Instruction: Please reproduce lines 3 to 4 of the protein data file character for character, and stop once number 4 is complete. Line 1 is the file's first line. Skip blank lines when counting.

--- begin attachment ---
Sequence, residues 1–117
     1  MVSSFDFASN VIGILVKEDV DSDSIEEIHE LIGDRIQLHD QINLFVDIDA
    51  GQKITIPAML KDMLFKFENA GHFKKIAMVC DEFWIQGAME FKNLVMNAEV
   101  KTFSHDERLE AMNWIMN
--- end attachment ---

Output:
    51  GQKITIPAML KDMLFKFENA GHFKKIAMVC DEFWIQGAME FKNLVMNAEV
   101  KTFSHDERLE AMNWIMN